Posted: Thu June 20, 2013 12:54AM; Updated: Thu June 20, 2013 12:54AM
Phil Taylor
Phil Taylor>INSIDE THE NBA

No matter the winner, NBA Finals worthy of appreciation

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LeBron James of the Miami Heat is defended by Tony Parker of the San Antonio Spurs
The intensity of Game 6 brought out the best in LeBron James, even without his standard headband.
Brendan Smialowski/AFP/Getty Images

We're going to talk about LeBron James' headband for a minute. I know, it's a silly, trivial subject, and it has already been discussed more than it deserves to be, and it will have no bearing on who wins the NBA championship tonight, but really, just for a minute.

The thing that's important about James deciding not to put his familiar headband back on after it was pulled off during the fourth quarter of the Heat's season-saving overtime win in Game 6 on Tuesday is not how he played with his receding hairline out there for all to see. It's that he played that way. On those rare occasions that his headwear had been knocked off or askew in the past, King James has always quickly put it back in place, like a man who's toupee had slipped. But this time he was locked in such an all-encompassing battle with the San Antonio Spurs, with so much on the line, that it seemed he didn't want to devote even a second or two to something so unimportant as his appearance. The competition was too fierce for him to think of anything else.

A great game can do that do you, whether you're a player or a fan. It can make everything around it seem so inconsequential. These Finals, like almost every other sporting event we watch, was threatening to become just a mass of storylines -- is Miami's Big Three a failure? Is Manu Ginobili finished? What about LeBron's legacy? Would another championship make Tim Duncan, not Kobe Bryant, the greatest player of his generation? Did the Heat choke? Did the Spurs? Embrace debate. Have a take, don't suck. The chatter, the slinging of opinion, can overshadow the actual games.

But then along comes a classic like Game 6, and with any luck, something equally memorable in Game 7 Thursday night, that snaps us out of all that, at least temporarily. Sometimes a game is so transcendent that it makes us forget about debating What It All Means and just leaves us to marvel at the purity, the intensity of the competition. Game 6 was played on such a high plane, with two teams full of future Hall of Famers throwing everything they had at each other, forcing each other to pull off great plays or commit crushing mistakes, that after a while, it almost didn't matter who won. It was more like art than sport, not something to evaluate, just appreciate.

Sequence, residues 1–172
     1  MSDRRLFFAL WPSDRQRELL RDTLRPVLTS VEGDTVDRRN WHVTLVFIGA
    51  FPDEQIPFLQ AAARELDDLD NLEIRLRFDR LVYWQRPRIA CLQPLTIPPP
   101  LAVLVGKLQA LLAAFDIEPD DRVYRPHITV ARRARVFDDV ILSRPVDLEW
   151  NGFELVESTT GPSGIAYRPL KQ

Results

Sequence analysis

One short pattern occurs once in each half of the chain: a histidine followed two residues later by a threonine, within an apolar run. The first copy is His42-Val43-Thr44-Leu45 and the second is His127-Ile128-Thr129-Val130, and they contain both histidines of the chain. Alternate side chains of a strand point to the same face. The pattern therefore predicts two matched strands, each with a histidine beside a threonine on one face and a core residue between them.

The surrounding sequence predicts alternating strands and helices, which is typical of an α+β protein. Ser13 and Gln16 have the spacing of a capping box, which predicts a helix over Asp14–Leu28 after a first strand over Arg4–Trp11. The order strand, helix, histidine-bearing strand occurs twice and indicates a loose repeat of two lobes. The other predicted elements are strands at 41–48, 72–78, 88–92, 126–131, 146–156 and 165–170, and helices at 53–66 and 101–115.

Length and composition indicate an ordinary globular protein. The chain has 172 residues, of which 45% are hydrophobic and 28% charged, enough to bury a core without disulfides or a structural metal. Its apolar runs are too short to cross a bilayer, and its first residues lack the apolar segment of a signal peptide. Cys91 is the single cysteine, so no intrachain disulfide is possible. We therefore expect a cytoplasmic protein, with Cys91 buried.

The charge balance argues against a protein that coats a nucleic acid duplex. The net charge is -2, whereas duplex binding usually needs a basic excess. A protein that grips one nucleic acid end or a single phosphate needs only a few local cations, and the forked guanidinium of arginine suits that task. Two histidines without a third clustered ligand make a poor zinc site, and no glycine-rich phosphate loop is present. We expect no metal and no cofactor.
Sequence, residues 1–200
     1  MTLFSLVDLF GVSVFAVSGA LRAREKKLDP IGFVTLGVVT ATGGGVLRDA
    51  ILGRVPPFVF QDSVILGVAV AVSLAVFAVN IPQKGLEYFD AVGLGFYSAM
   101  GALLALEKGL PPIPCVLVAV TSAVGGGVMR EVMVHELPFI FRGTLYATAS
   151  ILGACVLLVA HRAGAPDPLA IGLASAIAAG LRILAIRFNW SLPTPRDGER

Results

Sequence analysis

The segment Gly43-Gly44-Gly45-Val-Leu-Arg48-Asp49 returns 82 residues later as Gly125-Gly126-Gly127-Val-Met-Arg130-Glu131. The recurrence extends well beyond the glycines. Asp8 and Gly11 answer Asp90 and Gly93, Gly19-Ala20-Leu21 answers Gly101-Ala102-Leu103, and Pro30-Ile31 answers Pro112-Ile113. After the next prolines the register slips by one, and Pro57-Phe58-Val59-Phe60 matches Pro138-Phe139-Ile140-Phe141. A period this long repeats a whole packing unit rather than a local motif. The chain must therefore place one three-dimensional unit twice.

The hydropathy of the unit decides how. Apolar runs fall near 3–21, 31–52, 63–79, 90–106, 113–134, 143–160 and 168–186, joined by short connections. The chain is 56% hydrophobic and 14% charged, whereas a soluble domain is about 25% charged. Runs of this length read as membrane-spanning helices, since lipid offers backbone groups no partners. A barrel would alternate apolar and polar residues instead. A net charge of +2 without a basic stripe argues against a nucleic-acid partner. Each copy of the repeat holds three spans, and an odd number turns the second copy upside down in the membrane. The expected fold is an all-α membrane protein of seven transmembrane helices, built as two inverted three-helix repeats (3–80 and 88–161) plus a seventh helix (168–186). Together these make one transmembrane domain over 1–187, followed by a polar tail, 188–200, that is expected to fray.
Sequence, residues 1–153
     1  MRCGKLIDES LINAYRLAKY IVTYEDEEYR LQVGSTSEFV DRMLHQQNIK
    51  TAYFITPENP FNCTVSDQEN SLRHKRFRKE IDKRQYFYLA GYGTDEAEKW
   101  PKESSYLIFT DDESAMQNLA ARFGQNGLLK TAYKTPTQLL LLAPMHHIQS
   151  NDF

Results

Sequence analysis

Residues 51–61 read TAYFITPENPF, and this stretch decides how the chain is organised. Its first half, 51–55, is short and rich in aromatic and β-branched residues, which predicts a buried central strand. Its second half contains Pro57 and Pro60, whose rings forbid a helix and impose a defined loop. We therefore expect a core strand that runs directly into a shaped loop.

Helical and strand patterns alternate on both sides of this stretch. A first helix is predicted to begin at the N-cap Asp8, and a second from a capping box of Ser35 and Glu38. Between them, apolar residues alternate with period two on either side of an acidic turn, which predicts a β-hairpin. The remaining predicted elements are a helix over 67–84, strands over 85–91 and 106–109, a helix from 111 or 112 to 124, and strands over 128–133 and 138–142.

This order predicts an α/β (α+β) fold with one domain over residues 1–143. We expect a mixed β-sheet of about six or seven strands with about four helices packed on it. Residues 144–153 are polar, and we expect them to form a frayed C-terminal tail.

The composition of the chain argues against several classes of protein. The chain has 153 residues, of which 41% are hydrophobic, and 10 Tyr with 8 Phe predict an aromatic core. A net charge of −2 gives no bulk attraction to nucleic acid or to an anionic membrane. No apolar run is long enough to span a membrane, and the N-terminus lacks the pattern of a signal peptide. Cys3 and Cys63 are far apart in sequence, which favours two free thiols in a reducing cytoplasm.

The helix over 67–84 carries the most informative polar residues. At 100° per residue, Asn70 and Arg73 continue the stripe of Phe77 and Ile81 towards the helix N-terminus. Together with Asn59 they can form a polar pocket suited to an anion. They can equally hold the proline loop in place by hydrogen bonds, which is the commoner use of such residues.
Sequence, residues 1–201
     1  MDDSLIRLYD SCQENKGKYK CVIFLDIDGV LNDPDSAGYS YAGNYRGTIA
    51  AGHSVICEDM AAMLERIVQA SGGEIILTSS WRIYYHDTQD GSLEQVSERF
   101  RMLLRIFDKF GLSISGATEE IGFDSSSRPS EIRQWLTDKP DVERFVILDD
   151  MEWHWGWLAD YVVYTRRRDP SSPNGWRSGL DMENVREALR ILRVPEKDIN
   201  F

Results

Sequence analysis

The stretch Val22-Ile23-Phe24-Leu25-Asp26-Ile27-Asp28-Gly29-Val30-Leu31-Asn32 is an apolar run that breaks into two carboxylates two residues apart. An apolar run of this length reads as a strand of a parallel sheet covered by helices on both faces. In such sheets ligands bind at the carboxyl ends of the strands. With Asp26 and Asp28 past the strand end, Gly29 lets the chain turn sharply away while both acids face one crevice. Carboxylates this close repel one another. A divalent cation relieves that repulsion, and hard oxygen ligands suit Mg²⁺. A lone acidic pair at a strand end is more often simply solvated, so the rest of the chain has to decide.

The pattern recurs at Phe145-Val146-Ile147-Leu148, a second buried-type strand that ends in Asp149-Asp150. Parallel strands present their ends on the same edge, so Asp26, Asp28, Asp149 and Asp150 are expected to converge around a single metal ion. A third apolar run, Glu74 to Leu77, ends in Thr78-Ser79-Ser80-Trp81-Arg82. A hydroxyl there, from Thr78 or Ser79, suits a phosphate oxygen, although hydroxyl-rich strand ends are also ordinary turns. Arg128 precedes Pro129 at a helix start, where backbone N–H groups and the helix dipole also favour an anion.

These Finals haven't always been pretty, they haven't always been close, but they have been special nonetheless. Even in the one-sided games, it wasn't so much that the loser played poorly as it was that the winner played so well it seemed they had almost perfected the sport. Consider what we saw in Game 6 alone: James, the desperation on his face, trying to do everything in the fourth quarter, including score, rebound and defend the impossibly quick Tony Parker; Duncan, energized by the scent of a fifth championship, somehow finding it within himself to play like he was 27, not 37; Chris Bosh, not only grabbing the crucial offensive rebound that led to Ray Allen's season-saving three-pointer, but making two remarkable blocks, on Parker and Danny Green, that sealed the game.

How will momentum factor into Game 7 for Heat and Spurs?
Source: SI
SI.com's Lee Jenkins discusses if momentum will be a factor in Game 7 of the the 2013 NBA Finals between the San Antonio Spurs and Miami Heat.

Games like that are why we watch. We will sit through a million nondescript regular season matchups for the promise of a competition like that, in which the best are measuring themselves against each other, holding nothing back, leaving it, as James said, all on the floor. When we are lucky enough to witness one of those games, it seems so beside the point to prattle on endlessly about LeBron vs. Michael Jordan or to perform yet another armchair psychoanalysis of King James.

So, as Game 7 approaches, here's a thought: When it's over maybe we don't have to eviscerate the loser. We don't have to label someone who misses a key jumper or defensive rotation a choker. We don't have to decide that James will never measure up to Michael, or that he's finally figured it out. Because whatever happens Thursday night, even if it's a blowout, we will know that either of these teams could have won the championship, that a bounce here or a ref's call there could have reversed the result of the series. Maybe we can accept that these were two championship-caliber teams who pushed each other and at times brought greatness out of each other.

But chances are, even if Game 7 is a game for the ages, we'll fall into old habits. We'll lay the burden of blame on someone, player or coach. We'll debate what the loser should have done differently. Blame must be assigned. God help the Heat, especially, if they lose. But maybe, before we do what we always do, we can at least briefly think of this series as the piece of art that it has been. Maybe we can take a moment before we start picking everyone apart, and appreciate what we saw.

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